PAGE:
Africans eye Chinese enterprise

Egon Cossou reports

Standing in the early summer heat of Shanghai, regarding the skyline of steel and glass, it is easy to think you are getting a bird's-eye view of the future.

This truly is a megacity - with a population of more than 23 million.

It is the financial heart of the world's newest economic superpower.

Shanghai's breathtaking expansion mirrors the startling growth of the national economy.

That growth is slowing down - but to a rate most countries in the West can only dream of - and is currently standing at about 8%.

Fuel for growth

China's economic might is fuelled by raw materials and new markets.

Africa is rich in both.

Shanghai Shanghai's economic might mirrors the enormous power of the national economy

Trade between the two sides is now thought to be worth around $160bn a year.

But it is not just a one way street.

An increasing number of African entrepreneurs are now seeing China as a land of opportunity.

In the town of Jintan, which is connected to Beijing by a super-fast modern eight lane highway, one Zambian has taken that lesson very much to heart.

Enock Mundia is co-owner of Shanghai Liberty Apparel, which turns out a million items of clothing a month for big international brands such as Uniqlo and Eddie Bauer. It even exports clothing back to Zambia.

It is a big place, employing some 3,500 people.

Mr Mundia is an amiable, upbeat man, proud of what he has achieved in the five years since he acquired his interest in the firm.

He says its much easier doing business here than in Zambia.

"The infrastructure is so good here," he says over the racket of the endless ranks of sewing machines clattering away.

Shanghai Liberty Apparel workers Chinese manufacturers pose a serious threat to rivals in Africa

"From point A to point B, to transport your goods is so fast."

But despite the sheer convenience of building his business here, Mr Mundia is still a firm believer in the economy back home and maintains that trade between China and Africa is essential.

He seems a little exasperated at the criticisms aimed at China's involvement in Africa.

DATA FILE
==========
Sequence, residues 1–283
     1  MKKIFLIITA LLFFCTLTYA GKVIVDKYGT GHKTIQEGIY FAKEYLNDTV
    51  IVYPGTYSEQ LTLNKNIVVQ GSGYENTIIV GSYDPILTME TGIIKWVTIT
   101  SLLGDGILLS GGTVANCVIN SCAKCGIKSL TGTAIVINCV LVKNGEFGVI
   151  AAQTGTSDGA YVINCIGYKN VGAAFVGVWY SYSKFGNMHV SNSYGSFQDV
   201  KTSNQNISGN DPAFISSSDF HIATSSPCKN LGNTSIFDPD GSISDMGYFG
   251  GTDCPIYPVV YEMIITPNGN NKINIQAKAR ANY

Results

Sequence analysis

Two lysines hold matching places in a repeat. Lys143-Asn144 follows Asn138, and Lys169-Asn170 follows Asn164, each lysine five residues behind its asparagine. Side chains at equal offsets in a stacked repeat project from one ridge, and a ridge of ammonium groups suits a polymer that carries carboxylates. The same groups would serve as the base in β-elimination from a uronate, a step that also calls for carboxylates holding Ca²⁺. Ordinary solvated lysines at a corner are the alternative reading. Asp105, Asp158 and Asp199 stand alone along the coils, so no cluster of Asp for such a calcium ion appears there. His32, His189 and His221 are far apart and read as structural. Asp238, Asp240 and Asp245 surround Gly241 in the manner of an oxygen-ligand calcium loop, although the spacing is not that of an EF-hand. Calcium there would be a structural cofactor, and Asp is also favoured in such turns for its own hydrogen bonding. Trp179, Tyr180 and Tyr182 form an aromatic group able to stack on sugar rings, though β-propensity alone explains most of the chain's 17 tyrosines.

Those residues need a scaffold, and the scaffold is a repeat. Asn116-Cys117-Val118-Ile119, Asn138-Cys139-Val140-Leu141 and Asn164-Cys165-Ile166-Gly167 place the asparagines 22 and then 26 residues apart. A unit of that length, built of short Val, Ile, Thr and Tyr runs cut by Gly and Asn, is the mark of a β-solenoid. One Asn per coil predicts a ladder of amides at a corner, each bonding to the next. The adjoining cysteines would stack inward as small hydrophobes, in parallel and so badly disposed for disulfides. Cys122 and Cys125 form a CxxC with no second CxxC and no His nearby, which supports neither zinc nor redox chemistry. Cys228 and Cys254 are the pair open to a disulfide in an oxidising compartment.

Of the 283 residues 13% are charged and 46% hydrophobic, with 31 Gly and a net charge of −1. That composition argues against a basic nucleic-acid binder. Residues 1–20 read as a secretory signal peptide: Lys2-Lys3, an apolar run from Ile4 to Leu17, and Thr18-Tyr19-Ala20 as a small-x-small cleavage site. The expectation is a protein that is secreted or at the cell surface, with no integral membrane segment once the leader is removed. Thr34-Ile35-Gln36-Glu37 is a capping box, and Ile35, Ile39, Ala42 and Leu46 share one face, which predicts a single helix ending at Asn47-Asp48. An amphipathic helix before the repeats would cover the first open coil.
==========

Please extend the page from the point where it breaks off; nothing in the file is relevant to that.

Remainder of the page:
"The African people right now, they need investors who can come and invest quickly and improve the livelihood of the African people," he says.

"So if China is doing this, why not?"

But across the globe in Cape Town you can see what critics say is the flip side of the China-Africa trade.

Arnold Ngowani, student Student Arnold Ngowani says it is vital to understand Chinese culture

The Cape region used to be the heart of a thriving South African textiles industry.

It is a very different story now.

Manufacturers say they are being strangled by imports from China.

Michael Bargraim, the president of the Cape Chamber of Commerce, says his family business and hundreds of others in this area, just could not compete.

Call for protectionism

His own family's business has been forced to close down its clothing factory after more than 100 years.

And Mr Bargraim estimates that the industry in the western Cape province of South Africa is now about a tenth of what it was in its heyday.

The situation is so serious that South African textile companies have concluded a deal with trade unions to slash the wages offered to new employees by 30%.

Tony Ehreinrich, from the Congress of South African Trade Unions, is demanding action.

"In the industrial area of the clothing industry in the Western Cape alone, we've lost over 120,000 jobs in the last five years," he says.

"There's no way we can compete with China in South Africa, where we uphold labour standards and labour rights.

"We should keep them out of our markets."

'Learn the culture'

In spite of such concerns, it is widely believed that China is now Africa's biggest trading partner.

And that is attracting more than just businessmen to China.

Zambian Arnold Ngowani is studying business at university amid Shanghai's dazzling skyscrapers.

Start Quote

We'll need to invest long where China is short”

End Quote Enock Mundia Shanghai Liberty Apparel

Walking the streets here, he attracts the occasional curious glance. Despite all the trade, black faces are not that common.

"I came here not only to learn business, but how to do business with the Chinese - and more importantly, to learn the culture of the people," he says.

"You need to understand the people you are doing business with.

"I think this can reduce some of the conflicts we have had. Some of the conflicts are as a result of not understanding the culture of the other person."

Mr Ngowani intends to go home and start a business in Zambia - utilising the contacts he has formed here in China.

Land of opportunity

Speaking at his factory in Shanghai, Mr Mundia believes the future for Africa lies in seeing China as more than just a source of investment.

"As Africans, we'll need to look at what China is lacking," he says.

"For instance, Chinese people need food. Zambia is one of the biggest growers of rice. So why not export rice to China?

"We'll need to invest long where China is short."

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